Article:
The axe falls on Britain's ‘gold-plated’ visas amid the government’s clampdown on dirty money, reports Arun Kakar
Global elites looking to settle in the UK have been left in limbo after the government’s surprise suspension this week of the ‘gold plated’ tier-1 investor visa category.
The move forms part of an ongoing crackdown by the Home Office on money laundering and organised crime coming into the UK. The current iteration of Tier-1 Visas was launched in 2008 to non-EU HNWs, granting a visa and indefinite leave to remain after five years for those who invested £2 million in the UK. The number of peaked in 2014, with 1,172 successful applications granted. Some 3,000 have been issued in all.
The government said that the suspension would end after the introduction of an audit process looking into concerns that the scheme was being used as a cover for financial crime. A new category is now set to be introduced in 2019. ‘We will not tolerate people who do not play by the rules and seek to abuse the system,’ said Immigration Minister Caroline Nokes, who announcing the suspension would come into effect at midnight on Friday.
‘That is why I am bringing forward these new measures which will make sure that only genuine investors, who intend to support UK businesses, can benefit from our immigration system.’
Applicants were previously required to hold a UK bank account and to be of ‘good character’, but the Home Office said that from next year independent auditors will assess the business and financial interests of applicants.
The move received a measured endorsement from Henley and Partners, the HNW residence and citizenship advisory firm. ‘We understand and share the concerns of the UK government,’ the firm told Spear’s in a statement. ‘When taking part in an industry-wide consultation with the UK government regarding the programme we made it very clear [that] due diligence for tier 1 investor applicants should be improved and enhanced.’
Stressing that tier 1 investors contributed ‘significantly’ to the British economy, the firm added: ‘However, this is not their primary contribution, as substantial as it may be. These individuals generate significant value through employment creation, either directly or indirectly. They often establish or invest in businesses in the UK that create opportunity for local employees of all backgrounds. In addition, they and their businesses require the services of British-based firms, again creating opportunities at all levels of UK society.’
The suspension comes amid increased uncertainty surrounding the status of non-EU Visa holders in the UK. In July, it was revealed that some 13,700 Russian and Turkish company directors based in the UK are ‘at risk’ following uncertainty around their visa status, raising fears that they will take their business elsewhere.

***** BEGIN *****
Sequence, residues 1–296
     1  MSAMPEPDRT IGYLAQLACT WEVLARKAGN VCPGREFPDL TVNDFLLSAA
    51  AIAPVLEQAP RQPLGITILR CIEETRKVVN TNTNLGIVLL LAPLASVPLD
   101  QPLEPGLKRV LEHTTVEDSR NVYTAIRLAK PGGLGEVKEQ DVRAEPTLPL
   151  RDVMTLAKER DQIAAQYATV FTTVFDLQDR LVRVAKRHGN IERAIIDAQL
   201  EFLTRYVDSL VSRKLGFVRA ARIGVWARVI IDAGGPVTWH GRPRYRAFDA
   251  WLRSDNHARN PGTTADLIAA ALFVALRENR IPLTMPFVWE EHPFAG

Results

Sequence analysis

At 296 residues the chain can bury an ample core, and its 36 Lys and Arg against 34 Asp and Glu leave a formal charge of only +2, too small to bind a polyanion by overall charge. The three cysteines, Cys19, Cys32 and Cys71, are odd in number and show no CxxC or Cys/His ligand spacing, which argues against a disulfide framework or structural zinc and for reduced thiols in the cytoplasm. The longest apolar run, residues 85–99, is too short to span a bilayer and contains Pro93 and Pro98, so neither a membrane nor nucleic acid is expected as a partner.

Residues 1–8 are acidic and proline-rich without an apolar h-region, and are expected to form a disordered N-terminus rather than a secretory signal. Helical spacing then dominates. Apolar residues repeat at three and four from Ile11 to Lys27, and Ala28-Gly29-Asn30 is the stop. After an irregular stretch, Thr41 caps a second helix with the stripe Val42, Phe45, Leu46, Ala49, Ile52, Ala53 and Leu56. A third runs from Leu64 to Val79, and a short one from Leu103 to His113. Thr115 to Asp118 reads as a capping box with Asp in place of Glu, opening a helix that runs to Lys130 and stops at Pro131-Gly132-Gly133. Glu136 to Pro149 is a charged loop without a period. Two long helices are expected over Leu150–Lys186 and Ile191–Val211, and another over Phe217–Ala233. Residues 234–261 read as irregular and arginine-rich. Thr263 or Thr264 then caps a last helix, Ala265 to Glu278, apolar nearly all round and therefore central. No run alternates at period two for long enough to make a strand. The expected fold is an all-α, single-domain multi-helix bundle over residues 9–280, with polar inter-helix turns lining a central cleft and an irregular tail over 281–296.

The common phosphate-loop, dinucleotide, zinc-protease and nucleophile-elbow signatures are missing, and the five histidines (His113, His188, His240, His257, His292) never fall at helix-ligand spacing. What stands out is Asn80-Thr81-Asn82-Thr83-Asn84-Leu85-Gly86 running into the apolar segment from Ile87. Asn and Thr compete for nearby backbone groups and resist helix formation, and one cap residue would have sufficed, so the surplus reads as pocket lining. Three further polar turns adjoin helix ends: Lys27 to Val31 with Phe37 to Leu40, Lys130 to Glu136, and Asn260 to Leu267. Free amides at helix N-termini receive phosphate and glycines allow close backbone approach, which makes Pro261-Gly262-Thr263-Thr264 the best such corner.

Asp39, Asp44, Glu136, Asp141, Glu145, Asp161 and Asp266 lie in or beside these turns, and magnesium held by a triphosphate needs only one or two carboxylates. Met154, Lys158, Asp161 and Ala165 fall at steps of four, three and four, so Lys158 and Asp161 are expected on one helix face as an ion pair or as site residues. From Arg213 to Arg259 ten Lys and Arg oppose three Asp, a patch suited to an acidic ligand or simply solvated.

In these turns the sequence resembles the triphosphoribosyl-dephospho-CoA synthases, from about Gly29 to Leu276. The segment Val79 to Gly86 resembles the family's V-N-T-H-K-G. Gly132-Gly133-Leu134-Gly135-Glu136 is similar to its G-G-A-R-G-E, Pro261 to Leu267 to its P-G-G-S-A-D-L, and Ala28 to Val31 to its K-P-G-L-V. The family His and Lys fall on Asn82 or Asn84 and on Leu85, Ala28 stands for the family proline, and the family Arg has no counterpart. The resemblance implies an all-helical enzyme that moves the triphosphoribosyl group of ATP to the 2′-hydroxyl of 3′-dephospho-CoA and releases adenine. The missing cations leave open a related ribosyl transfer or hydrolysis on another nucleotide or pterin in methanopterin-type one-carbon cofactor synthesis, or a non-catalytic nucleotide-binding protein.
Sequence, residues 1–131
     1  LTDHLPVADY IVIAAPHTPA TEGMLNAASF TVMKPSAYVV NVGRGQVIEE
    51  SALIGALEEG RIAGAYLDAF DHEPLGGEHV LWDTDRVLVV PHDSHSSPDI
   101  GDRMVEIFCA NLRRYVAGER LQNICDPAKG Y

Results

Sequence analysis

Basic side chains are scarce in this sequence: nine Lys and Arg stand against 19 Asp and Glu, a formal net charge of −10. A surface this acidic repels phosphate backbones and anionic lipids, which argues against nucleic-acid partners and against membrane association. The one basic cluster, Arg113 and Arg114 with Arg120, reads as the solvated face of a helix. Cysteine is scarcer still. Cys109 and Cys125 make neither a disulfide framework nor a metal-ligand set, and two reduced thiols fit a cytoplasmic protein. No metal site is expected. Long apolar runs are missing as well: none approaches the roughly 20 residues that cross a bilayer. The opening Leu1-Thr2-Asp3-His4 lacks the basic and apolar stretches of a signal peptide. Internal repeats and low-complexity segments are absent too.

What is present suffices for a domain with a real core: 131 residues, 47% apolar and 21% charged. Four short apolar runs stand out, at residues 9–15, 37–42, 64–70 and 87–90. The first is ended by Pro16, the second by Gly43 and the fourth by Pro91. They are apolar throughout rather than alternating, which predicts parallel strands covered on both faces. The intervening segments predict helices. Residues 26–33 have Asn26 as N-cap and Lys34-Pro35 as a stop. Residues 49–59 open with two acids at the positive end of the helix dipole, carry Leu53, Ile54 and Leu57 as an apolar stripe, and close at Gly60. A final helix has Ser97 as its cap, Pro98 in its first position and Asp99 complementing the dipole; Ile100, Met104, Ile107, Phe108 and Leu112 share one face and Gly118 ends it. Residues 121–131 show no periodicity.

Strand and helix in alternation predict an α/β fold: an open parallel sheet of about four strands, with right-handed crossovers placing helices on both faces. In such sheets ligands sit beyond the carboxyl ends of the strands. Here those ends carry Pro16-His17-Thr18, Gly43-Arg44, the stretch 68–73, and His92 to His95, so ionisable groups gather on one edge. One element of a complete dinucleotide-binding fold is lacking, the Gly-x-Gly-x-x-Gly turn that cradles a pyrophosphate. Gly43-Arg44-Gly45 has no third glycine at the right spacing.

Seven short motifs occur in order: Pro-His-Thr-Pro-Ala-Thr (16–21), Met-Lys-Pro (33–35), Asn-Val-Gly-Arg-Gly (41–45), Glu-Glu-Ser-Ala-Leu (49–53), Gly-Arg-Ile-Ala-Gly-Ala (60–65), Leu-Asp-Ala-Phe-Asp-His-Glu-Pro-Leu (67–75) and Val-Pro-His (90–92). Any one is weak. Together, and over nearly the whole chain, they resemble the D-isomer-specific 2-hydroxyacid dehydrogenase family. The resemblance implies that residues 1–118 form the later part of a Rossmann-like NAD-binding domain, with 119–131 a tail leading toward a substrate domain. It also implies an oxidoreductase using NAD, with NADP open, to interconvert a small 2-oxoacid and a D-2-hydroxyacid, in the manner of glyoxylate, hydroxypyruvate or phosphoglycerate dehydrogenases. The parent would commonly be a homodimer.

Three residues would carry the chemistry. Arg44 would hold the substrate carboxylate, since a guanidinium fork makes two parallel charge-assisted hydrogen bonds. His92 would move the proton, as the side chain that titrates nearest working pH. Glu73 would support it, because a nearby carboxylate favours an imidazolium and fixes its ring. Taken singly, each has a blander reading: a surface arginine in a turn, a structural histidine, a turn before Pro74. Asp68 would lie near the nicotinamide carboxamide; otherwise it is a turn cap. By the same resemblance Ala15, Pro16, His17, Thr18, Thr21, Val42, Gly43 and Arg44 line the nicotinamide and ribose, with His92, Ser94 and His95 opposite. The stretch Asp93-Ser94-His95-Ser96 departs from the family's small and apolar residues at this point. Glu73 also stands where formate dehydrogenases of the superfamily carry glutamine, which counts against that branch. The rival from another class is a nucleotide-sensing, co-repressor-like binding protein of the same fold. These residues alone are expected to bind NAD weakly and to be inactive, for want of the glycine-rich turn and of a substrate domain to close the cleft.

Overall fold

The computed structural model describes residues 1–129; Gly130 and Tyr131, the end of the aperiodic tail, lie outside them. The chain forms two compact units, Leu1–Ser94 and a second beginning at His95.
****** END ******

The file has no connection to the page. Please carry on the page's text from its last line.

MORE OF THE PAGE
Billionaire Russian businessman Roman Abramovich is reported to have ‘withdrawn’ his application earlier this year to extend his UK tier-1 investor visa after encountering delays with renewal. The Chelsea FC-owner became an Israeli citizen in May, and subsequently halted plans worth £1 billion to redevelop Stamford Bridge stadium. The Observer reported in September that the rights of more than 700 Russians to live in the UK is under review following the Salisbury poisonings.
Bruno L’ecuyer, CEO of the Investment Migration Council, a trade body, said that the government had provided an ‘object lesson’ in managing investor migration with its decision to undertake the audit. ‘The UK is recommending a process of due diligence that goes far beyond other forms of granting residence or citizenship rights, but still protects the legitimate movement of capital and people, which is essential to the contemporary global economic model,’ stated L’ecuyer.
In the year ending September 2018, more than 1,000 applications for tier-1 visas were granted. Eesha Arora, senior associate at international wealth law firm Maurice Turnor Gardner, said prospective clients and those looking to extend their visas were ‘worried’ by the decision.
‘The statement is quite broad and it’s difficult to know how that will play out in individual circumstances,’ Arora told Spear’s, noting that the worst case scenario would be a complete scrapping of the program. ‘If someone was planning on applying for an investor visa, I think they’re in a very difficult position now, because that option, certainly in the short term is no longer available to them,’ she added. ‘We hope that the audit process is concluded swiftly so that genuine investor’s aren’t’ put off.’
Arun Kakar writes for Spear’s